AML 1/72 Fiat G50 Series II

KIT #: AML 72-007
PRICE: 27 Euro
DECALS: Seven Options
REVIEWER: Carmel J. Attard
NOTES: Short run kit with resin and photo etch details.



The Fiat G50 was the first all-metal fighter in Italy that was fitted with a retractable undercarriage. At the time it was regarded adequate for the fighter intersceptor role and it had proved itself in combat when rushed to Spain where the G50 series 1 fought in the Spanish Civil War alongside the MesserschmittBf-109B of the Condor Legion. In spite of all, the conflict exposed major shortcomings principally being lack of adequate visibility. The view from the cockpit was inferior to that of the Bf-109 and even the Polikarpov I-16. The G50 was also lightly armed with 12.7mm machine guns at a time when fighters then in service were fitted with the more powerful cannons. Still the G50 had its share of fame where a G50 series 1, FA-25 shot down 4 enemy aircraft and a G50 Series II, FA-1 shot down 9 aircraft besides other ace G50s while in service with the Finn AF during the war.



Fiat G50s, ‘series II’ (72-007) and the earlier release ‘series I’ (72-005) are neat kits issued by AML. It is a small fighter aircraft that I often associated it with the Finn AF more than those of the Italy or Spain. There is little difference between the Series I and II and while the earlier G50 series I, I have completed in Finn AF markings, this kit build concerns the more recent release i.e. Series II, which is made in Reggia Aeronautica markings. The kit is molded in light gray plastic just like the earlier Series I and there are resins and brass etch detail parts. Basically it is a similar kit to the series I but with additions to the kit so that an accurate Series II-IV can be made. The windscreen is vacform in clear acetate.




The first stages go with assembling the cockpit area. The sidewalls detail structure is molded into the fuselage halves while the cockpit floor; rear bulkhead and seat are in cream-colored resin. The three-piece instrument panel is in brass, as also are the trim wheel, throttle and rudder pedals. These items are all carefully painted up making the cockpit look very close to what it should be in scale. Once the assembly is inserted in the fuselage there will not be much visible. I found best to assemble the fuselage halves together, the bulkhead is fitted to the fuselage top part and the assembled cockpit is inserted in place from the mid fuselage bottom opening. 

The 2-part radial engine is injected in rows of cylinders, which made the required cleaning from excess fining an easy task. The exhaust stabs are drilled before affixing them to the cowling. Two spinner types are provided to suite the variant selected. Propeller blade shape is accurate but required cleaning of each blade at their periphery. The kit also has alternative tail fin and rudder units depending if one makes the Italian or Finn version. Two measured hollow metal tubes were cut and fixed to the nose deck.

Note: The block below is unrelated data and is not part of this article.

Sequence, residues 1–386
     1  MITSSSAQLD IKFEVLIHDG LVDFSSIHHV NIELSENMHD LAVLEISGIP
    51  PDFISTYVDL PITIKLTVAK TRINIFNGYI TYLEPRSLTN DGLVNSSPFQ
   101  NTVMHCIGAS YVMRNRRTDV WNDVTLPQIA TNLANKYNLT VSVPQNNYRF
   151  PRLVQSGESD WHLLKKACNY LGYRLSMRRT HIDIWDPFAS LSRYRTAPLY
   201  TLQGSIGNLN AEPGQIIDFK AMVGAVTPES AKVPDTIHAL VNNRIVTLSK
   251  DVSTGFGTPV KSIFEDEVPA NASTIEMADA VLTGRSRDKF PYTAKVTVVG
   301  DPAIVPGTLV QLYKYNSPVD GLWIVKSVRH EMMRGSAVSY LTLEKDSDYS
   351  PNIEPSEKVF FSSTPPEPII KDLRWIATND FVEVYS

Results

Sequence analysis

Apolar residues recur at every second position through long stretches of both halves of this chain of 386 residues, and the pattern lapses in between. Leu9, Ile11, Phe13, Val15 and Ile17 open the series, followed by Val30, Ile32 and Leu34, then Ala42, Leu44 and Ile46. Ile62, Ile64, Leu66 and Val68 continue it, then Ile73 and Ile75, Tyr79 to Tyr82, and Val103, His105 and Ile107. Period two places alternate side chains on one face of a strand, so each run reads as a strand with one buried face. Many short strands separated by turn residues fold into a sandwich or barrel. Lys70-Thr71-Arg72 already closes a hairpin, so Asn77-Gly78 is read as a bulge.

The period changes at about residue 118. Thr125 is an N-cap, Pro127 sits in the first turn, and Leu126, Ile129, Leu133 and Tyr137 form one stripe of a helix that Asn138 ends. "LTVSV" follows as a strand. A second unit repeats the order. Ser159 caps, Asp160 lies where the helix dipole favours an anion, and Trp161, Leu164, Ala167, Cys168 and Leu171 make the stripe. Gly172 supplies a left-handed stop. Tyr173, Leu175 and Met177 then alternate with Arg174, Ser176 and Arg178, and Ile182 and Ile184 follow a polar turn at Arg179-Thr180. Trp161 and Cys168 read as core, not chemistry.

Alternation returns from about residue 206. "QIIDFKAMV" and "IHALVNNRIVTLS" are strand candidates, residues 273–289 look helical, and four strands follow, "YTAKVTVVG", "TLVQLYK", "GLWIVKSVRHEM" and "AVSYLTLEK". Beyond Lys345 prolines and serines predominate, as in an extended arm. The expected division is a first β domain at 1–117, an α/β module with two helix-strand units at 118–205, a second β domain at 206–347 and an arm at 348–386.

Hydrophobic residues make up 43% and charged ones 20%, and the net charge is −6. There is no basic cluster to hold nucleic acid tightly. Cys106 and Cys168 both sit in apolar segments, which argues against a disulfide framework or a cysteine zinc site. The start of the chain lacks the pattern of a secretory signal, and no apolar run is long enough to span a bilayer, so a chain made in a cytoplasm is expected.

Tail planes have a pair of dowels to slot inside the fuselage. The holes needed to be chased with a 2mm drill. I like the fabric texture on the elevators and care was made to preserve it. The main planes come in three pieces, a one piece lower and two upper halves. Ejector pin stabs on the inner face have to be removed first as these interfere with fixing the wing parts together. The leading edges of the wings are also on the thick side, which required a little scraping with a flat E-xacto blade to improve the overall thickness in this area. Wheel wells lacked detail and it is left to one’s research and reference to enhance this area. Merging the wing to the fuselage is not a straightforward job and some adjustment was needed followed by careful fairing with a little filler.


I elected to do the Italian scheme for the G50. Markings are those of 320 Squadriglia.  The aircraft is ochre with verde and terracotta mottle on upper surfaces and grigio azzurro undersurfaces while the codes 352-13 are black. The cowling is yellow. This I gave a white undercoat and then airbrushed the yellow over it. After masking the cowling and the front of engine and the open cockpit, I applied the Italian yellowish brown to all upper surfaces then added mottle in red brown and olive green in all cases using Humbrol brand. The undersurfaces were light blue gray and the upper camouflage overlapped slightly like the full scale G50. The fin insignia of 51 Sturmo depicting a black cat trapping three mice superimposed on a white background disc, are a separate decal item which is attached to the fin after fixing the white cross in place first. The white rudder cross is by no means standard in shape and size. This had an arm extended to reach the leading edge of the fin. The decals are printed by Propagteam and are thin and excellent register. AMT certainly did a great job by including a wide selection of decals with this kit.  Besides the Italian scheme there are six Finnish Air Force G50s wearing different camouflage patterns with respective registrations, Finn roundels and other details included such as markings on prop blades. Decals were sealed with a coat of Klear and finally an overall semi matt coat of varnish was airbrushed nce all masking was removed.


This was my fourth G50 built, two of which are AML kits and the others an earlier release by Airfix that are now showing the age. Overall the AML G50 is a most reasonable kit with a marked improvement attained when compared with earlier releases. I look forward to a possible release of a G50 bis which will continue to fill my Italian WWII aircraft dispersal shelf.

 Carmel J. Attard

August 2010

If you would like your product reviewed fairly and quickly, please contact me or see other details in the Note to Contributors.

Back to the Main Page 

Back to the Review Index Page